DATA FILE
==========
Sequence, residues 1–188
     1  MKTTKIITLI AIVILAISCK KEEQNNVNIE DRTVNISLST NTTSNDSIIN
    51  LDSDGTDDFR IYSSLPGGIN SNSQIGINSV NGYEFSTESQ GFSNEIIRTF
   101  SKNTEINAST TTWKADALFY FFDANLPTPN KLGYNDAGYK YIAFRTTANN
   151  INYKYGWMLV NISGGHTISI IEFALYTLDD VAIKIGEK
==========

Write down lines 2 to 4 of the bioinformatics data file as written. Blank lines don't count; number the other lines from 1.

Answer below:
     1  MKTTKIITLI AIVILAISCK KEEQNNVNIE DRTVNISLST NTTSNDSIIN
    51  LDSDGTDDFR IYSSLPGGIN SNSQIGINSV NGYEFSTESQ GFSNEIIRTF
   101  SKNTEINAST TTWKADALFY FFDANLPTPN KLGYNDAGYK YIAFRTTANN